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What goes for "good  parenting" has much to do with class. The point that Guinier makes

is that elite educational institutions (whether private or public) are presently set up

to serve upper middle and upper class kids, whether black or white or Hispanic.



Responses to Race as a Decoy for Class

By Rodney D. Foxworth, Jr. and Rudolph Lewis


Rudy, I appreciate your response to the Guinier interview. I come from a stable, working class black family that promoted education to the highest degree. I have been lucky in this regard. Many of my peers have not been so. Had I not had my parents or a "natural aptitude for schooling," as Barack Obama terms it, I would have been at a severe disadvantage in Baltimore.

I have always questioned this idea of black progress, and I know this is not the most popular thing to do. Yes, it is true that some black families have entered into a life of comfort and opportunity, but we also know that this is certainly not the case for the majority. Only a minority of blacks have accumulated such opportunities and comfort, and they have brought up the rear for lack of a better phrasing, when it comes to statiscal medians in the like. This should be clear when one enters a Detroit, or Baltimore, or D.C. or any number of other U.S. cities.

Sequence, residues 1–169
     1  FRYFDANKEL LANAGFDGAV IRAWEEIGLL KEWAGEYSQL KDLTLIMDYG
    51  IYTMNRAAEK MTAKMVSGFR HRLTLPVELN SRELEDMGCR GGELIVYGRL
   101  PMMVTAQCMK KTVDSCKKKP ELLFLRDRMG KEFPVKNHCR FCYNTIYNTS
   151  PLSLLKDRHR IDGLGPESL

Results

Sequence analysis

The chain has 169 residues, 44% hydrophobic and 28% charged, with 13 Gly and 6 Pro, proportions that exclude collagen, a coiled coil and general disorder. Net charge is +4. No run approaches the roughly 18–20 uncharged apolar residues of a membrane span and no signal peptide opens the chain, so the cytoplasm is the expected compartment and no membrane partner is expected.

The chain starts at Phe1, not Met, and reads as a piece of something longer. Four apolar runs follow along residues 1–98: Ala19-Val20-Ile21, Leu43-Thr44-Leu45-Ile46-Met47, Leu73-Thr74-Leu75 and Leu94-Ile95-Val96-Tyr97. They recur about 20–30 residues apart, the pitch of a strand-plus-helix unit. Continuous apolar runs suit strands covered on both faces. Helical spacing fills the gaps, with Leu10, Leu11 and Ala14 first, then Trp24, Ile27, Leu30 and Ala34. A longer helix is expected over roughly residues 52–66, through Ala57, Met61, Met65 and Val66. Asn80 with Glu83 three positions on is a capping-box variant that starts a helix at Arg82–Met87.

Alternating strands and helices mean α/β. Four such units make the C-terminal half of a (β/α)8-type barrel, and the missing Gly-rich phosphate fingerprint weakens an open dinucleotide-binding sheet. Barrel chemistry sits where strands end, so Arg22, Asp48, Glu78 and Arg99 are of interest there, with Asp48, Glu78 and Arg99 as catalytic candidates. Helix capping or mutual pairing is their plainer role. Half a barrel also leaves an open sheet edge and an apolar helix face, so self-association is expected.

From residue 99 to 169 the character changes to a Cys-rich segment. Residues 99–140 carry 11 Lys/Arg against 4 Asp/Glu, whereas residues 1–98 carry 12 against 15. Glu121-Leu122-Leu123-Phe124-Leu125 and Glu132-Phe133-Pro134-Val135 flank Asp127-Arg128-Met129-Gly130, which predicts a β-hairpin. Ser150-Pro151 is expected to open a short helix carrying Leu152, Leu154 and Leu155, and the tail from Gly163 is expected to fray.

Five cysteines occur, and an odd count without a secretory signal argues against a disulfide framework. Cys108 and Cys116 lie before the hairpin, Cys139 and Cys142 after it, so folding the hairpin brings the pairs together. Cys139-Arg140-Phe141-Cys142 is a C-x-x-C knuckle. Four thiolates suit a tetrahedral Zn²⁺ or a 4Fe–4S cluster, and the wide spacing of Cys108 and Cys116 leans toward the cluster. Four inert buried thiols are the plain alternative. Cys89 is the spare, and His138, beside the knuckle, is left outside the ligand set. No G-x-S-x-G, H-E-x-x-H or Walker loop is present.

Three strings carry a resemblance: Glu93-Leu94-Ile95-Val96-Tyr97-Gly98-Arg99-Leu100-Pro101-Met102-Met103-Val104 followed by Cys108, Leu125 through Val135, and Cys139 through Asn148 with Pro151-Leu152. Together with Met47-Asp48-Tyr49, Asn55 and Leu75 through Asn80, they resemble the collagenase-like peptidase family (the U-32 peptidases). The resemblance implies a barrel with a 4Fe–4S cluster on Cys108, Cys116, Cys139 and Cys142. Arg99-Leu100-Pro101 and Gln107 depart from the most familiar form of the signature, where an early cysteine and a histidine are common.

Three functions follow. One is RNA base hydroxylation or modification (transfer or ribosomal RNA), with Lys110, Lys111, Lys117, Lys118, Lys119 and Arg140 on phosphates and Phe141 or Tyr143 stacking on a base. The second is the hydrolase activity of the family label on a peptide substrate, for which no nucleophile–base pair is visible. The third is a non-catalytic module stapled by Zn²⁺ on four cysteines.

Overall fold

As you recall, Skip Gates and Guinier made headlines a few years back about how Affirmative Action was being used. Elite institutions (and not so elite) began to recruit minorities from outside of the U.S., or, the students were children of recent immigrants. The point being, indigenious minorities were not benefiting from the affirmative action policy, which is essentially what you have pointed out. For example, a school like UMBC, where I attend, has relatively high percentage of minorities. But how many blacks from Baltimore city? Very few. The indigenous minorities who do attend are not from poor or working class families, by and large. And UMBC, as far as the rankings go, is just a second-tier public university. One can only imagine what occurs from more elite institutions.

I went to Washington and Lee University for one year, and I felt alienated from both the blacks and whites. The blacks weren't familiar with my working class background, and I often had to pose as though I could relate to their middle-class upbringing. It was expected that I might not mesh well with the aristocratic Southern whites; it was my strained relationship with the blacks that I didn't expect. I recall one black peer, who had attended the Baltimore private school McDonogh, telling me that he was shocked that I was accepted to W & L because I had attended City College, a public school. He then went on to say, "I thought all you guys went on to Coppin or Morgan." Here, we have a double-attack that speaks to class. One, that I could not compete with him and those of his class-group. The other was an attack on Coppin and Morgan, which admittedly have lower admission standards than the other Baltimore area colleges and universities, but also service primarily working class black students. I had turned down Harvard primarily because WnL offered me more money and I didn't want to be a financial burden to my family. All my advisors told me not to attend. But hindsight is hindsight.